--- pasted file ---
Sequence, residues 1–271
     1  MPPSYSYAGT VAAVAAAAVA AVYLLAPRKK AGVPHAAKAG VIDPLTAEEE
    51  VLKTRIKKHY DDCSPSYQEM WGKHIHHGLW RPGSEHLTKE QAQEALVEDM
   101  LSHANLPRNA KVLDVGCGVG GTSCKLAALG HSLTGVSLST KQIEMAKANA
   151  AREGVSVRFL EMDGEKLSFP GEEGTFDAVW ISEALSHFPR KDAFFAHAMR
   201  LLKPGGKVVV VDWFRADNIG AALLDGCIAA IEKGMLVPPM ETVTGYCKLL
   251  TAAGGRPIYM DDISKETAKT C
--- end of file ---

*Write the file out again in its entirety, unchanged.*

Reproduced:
Sequence, residues 1–271
     1  MPPSYSYAGT VAAVAAAAVA AVYLLAPRKK AGVPHAAKAG VIDPLTAEEE
    51  VLKTRIKKHY DDCSPSYQEM WGKHIHHGLW RPGSEHLTKE QAQEALVEDM
   101  LSHANLPRNA KVLDVGCGVG GTSCKLAALG HSLTGVSLST KQIEMAKANA
   151  AREGVSVRFL EMDGEKLSFP GEEGTFDAVW ISEALSHFPR KDAFFAHAMR
   201  LLKPGGKVVV VDWFRADNIG AALLDGCIAA IEKGMLVPPM ETVTGYCKLL
   251  TAAGGRPIYM DDISKETAKT C